The Weaver’s Plight
Her name is Gregoria and she is among the finest weavers of all the Q’ero women
Part 9 in a series following: https://medium.com/heart-of-the-andes/65c967fa60fb
In 2004, Don Sebastian and a handful of other Q’ero elders led the first Heart Walk expedition through snow and a maze of trails over a 17,000-foot pass into one of the Hapu Q’ero villages. He and his wife Gregoria hosted the five-person group in one of their family huts. With stone walls, thatched roofs, no windows or furniture and a dirt floor, the Heart Walk team barely fit shoulder-to-shoulder as they lay in their sleeping bags to fall asleep at nearly freezing temperatures.
“We felt we had stepped back in time to some long ago century,” recalls Penelope Eicher, Heart Walk Foundation co-founder. At that time, only three foreigners and very few non-tribal members had ever been allowed to enter the village. But now, tribal leaders were anxiously awaiting arrival of the Heart Walk Foundation team from the United States understanding that this was a group coming to aid their starving families.
Penelope describes the Q’ero people at their first meeting: “They were all very gentle, quiet, and some seemed eager to build a relationship with us,” she said. “Don Sebastian was pleased to share traditional Q’ero ceremonies and teach us about their deep relationship with the mountains, rivers, lakes and sky of their ancestral home high in the Andes Mountains.”
During that initial visit, “We learned of the Q’ero people’s deep commitment to living in harmony and balance with their homeland,” Penelope says. “It is central and vital to their well being, and it was important to them to share that with us.”
She recalls, “The younger men of the tribe seemed suspicious of us, the older men were warm and welcoming, and all the women were extremely shy.” But for having very few guests and hosting their first visitors from America, “They received us very kindly,” she says.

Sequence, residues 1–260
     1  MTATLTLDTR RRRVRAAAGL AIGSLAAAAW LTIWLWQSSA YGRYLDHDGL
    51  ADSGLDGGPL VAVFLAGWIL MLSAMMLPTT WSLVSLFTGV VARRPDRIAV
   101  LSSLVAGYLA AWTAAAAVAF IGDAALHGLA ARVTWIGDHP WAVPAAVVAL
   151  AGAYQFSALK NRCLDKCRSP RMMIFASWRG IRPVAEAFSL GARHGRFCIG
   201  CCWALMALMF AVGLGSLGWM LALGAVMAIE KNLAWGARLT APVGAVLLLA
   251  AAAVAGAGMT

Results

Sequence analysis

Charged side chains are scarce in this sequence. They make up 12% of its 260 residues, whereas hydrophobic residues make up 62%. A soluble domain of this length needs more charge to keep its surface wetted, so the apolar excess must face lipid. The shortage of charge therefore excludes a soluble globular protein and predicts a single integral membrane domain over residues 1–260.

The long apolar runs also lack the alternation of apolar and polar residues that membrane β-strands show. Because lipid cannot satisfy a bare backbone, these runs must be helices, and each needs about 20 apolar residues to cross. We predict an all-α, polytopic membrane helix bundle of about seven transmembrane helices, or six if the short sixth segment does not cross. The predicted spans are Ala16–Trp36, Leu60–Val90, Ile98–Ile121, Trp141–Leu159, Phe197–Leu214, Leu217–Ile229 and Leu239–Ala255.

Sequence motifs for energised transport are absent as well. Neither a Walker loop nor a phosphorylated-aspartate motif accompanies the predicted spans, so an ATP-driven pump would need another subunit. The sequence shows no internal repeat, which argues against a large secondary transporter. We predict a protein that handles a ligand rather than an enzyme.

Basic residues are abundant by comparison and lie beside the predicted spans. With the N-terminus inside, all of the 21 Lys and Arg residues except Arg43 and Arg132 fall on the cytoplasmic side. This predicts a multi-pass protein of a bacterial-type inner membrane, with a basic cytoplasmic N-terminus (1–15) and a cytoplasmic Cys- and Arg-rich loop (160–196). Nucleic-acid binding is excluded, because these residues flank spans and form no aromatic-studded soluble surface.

From donations made by family and friends, the Eichers were able to deliver basic supplies upon arrival. “We were there to assess their needs,” Penelope says. “And at first sight we could see that they were in great need.”
Donations packed into the village on the backs of llamas included: clothing, grains, cooking oil, soap, salt, matches, soccer balls for the children, and electrolyte rehydration powder for diarrhea —the cause of many childhood deaths.
Don Sebastian organized ceremonies and dances for their guests while his wife, Gregoria, cooked potatoes in the coals of sticks and llama dung. “It was on that first day on the steep mountainside that I noticed how Gregoria walked with great difficulty,” Penelope said.
Over the years, Penelope says she has watched as Gregoria’s limp “gets worse and worse.”
At the ranch house today, Penelope takes me by the hand and walks me toward Gregoria and Don Sebastian who come from the mountain to greet us. They have heard that Penelope is here, and they come to bring weavings and ropes knowing she will purchase from them to raise funds to help the villages.
“I want you to meet one of the finest Q’ero weavers of the Andes Mountains,” Penelope says as I watch her hug and reunite with this small, strong woman standing in the shade of a tree before me. Gregoria is proud to show Penelope some of her newest weavings. She has them laid out under the tree for us to see.